Sandy Bay Eclectic
An eclectic mélange of building styles inspires and amuses tourists and local residents

March 1st, 2008

[private] Except for the yellow wall that serves as a seawall, the gateway can hardly be seen from the beach. It disappears behind subsequent layers of green and brown, behind leaves and tree trunks. “Tranquil Seas,” a Sandy Bay retreat resort, abounds with plenty of curious and interesting things to see–a waterfall that drops in on a three-meter step down pool, a dive shop, restaurant, four cabañas all under or surrounded by thatched roof.

Paul Benson, 54, and his son Chris Benson, 25, partnered in 2004 to construct this project–a place where a group of two to eight people could book the entire facility and have the entire resort to themselves. Following in the footsteps of his father, a landscape gardener, Chris studied amenity horticulture at Otley College. Chris has used rescued trees to create a mature, abundant landscape. “[Bringing in of adult trees] brings instant maturity to the landscape,” said Chris.

Some of the inspiration for the building came from a visit to Rio Dulce’s Casa Perico, a small hotel run by a Swiss couple in Guatemala. “Everyone has aspirations to imitate the first-world concrete boxes,” said Chris about trends in Roatan’s development boom.

Chris steered clear of all conventional approaches. Javanese coconut husk canvases depicting marine life decorate the interior space, which is filled with teakwood furniture from Indonesia. Chris was attracted to the herons and iguanas carved in South East Asia and common on the islands. Conch shells placed on top of the yellow seawall serve dually as decoration and as a means of discouraging people from climbing onto the property.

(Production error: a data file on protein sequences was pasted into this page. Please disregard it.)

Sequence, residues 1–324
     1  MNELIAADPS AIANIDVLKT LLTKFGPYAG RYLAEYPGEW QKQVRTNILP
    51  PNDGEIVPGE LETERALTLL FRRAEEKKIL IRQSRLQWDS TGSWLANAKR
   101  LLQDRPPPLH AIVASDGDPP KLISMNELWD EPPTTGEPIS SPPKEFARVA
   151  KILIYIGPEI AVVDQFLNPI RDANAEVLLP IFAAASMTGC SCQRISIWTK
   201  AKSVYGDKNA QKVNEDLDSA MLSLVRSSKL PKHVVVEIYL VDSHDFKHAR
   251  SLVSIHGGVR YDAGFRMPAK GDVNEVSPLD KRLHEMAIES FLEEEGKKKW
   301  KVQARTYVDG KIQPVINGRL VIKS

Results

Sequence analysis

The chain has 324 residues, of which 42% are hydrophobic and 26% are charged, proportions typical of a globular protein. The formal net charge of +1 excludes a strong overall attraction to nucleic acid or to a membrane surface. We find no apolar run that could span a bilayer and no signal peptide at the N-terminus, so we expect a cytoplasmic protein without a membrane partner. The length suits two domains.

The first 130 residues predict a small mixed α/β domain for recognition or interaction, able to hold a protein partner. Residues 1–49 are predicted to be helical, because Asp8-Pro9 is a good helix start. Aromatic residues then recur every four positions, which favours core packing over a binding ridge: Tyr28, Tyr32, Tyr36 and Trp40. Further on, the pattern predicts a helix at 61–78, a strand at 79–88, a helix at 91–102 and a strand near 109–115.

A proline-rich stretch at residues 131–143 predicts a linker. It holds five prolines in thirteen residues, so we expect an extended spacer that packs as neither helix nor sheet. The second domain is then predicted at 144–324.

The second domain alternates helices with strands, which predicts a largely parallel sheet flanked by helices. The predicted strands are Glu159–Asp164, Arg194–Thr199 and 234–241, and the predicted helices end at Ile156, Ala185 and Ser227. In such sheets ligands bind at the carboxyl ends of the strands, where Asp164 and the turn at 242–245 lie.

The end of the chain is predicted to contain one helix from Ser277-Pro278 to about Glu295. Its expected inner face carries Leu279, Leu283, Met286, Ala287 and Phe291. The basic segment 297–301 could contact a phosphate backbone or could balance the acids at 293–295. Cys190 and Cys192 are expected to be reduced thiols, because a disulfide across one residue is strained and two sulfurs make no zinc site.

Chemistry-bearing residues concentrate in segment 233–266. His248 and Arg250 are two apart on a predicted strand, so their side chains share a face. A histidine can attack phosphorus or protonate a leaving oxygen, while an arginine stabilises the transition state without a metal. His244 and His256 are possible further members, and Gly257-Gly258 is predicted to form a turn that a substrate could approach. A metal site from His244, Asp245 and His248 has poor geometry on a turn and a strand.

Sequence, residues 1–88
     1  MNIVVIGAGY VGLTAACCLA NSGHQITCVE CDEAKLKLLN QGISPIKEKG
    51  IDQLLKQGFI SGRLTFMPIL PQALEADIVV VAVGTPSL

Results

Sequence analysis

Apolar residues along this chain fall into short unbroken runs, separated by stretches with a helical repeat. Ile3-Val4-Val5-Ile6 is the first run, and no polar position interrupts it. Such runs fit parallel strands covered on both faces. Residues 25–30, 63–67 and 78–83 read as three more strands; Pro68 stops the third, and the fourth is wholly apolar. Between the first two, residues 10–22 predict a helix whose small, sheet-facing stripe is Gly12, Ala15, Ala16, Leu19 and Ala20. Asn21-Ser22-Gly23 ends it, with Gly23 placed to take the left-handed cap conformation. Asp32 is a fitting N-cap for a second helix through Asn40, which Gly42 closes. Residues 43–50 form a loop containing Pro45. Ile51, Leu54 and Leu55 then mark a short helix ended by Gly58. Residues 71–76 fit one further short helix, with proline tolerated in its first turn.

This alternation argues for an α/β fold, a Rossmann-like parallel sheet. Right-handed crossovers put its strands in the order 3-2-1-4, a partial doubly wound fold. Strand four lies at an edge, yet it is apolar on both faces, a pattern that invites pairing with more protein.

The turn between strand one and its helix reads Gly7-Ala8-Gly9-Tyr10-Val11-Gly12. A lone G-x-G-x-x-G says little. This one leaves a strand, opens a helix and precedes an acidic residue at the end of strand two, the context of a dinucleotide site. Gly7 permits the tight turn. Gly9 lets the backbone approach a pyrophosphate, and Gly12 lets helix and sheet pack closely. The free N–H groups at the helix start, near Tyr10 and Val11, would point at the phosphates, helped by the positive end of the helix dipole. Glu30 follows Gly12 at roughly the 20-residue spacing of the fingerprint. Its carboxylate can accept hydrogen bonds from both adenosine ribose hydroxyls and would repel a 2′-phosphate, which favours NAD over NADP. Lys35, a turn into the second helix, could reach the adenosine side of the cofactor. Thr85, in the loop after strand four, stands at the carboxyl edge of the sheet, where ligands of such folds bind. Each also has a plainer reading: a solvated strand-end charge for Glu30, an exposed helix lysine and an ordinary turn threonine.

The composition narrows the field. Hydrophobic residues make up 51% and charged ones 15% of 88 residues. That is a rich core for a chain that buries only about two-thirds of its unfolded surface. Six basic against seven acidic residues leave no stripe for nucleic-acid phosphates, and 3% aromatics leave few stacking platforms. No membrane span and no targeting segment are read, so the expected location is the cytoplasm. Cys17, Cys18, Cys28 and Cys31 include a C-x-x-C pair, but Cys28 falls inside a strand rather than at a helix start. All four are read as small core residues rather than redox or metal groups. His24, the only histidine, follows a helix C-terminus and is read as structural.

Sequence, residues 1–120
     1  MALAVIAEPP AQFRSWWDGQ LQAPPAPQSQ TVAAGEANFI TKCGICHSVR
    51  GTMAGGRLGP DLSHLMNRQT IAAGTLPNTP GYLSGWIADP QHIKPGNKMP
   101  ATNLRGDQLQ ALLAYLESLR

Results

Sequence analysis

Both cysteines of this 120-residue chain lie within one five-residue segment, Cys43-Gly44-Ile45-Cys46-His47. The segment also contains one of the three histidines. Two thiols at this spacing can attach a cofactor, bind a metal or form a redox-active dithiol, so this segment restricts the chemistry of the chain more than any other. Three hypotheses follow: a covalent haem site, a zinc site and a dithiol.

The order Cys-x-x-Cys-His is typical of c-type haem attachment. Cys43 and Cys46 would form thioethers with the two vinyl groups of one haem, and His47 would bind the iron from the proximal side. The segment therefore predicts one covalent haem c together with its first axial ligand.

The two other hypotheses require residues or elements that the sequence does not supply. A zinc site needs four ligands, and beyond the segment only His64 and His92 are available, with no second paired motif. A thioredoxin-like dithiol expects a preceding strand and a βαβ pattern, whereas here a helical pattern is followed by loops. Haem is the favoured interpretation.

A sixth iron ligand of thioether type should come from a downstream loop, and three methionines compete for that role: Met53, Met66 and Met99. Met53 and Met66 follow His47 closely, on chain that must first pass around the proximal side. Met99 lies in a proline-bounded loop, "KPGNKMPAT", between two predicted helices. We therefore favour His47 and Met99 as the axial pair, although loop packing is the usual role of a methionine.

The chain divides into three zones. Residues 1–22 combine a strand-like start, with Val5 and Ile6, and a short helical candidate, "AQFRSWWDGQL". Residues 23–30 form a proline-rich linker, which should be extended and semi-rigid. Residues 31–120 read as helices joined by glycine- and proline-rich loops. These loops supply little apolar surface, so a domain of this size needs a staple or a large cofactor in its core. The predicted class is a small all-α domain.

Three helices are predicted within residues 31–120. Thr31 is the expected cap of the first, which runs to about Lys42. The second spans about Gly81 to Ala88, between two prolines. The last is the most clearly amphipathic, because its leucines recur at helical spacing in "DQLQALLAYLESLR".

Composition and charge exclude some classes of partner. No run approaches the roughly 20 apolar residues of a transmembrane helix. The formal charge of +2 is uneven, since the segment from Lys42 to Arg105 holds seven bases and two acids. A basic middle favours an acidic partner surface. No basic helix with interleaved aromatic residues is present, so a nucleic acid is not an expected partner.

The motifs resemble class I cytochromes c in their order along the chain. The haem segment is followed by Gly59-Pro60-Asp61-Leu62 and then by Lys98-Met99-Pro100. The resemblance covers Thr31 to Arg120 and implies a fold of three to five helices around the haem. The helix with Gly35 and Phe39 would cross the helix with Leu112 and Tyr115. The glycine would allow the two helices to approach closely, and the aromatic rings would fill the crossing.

The irregular shaped balustrades, posts and columns of Tranquil Seas create unexpected vistas and hidden corners. The entire place is a mélange of corridors, terraces, spiral stairs and wood trusses. Though the main plan was sketched out on paper, the details are designed on site.

Chris has worked exclusively with construction workers from the mainland: “Many workers here don’t have the patience nor the pride in their work to see the project through.” A dozen unique woods were all brought from the mainland. One of them–Buhuco, a vine whiss–raps round the San Juan wooden handrails of the stairways and porches. The bar is a sliced trunk of a eucalyptus and mango tree, polished and varnished. Orange tree serves for posts, and bamboo found its utilitarian purpose as sconce light fixtures. “All locals said that this is what Roatan needs,” said Chris, who notices that his foreign neighbors are less excited about his project and stress its impracticality and maintenance issues. [/private]

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An eclectic mélange of building styles inspires and amuses tourists and local residents

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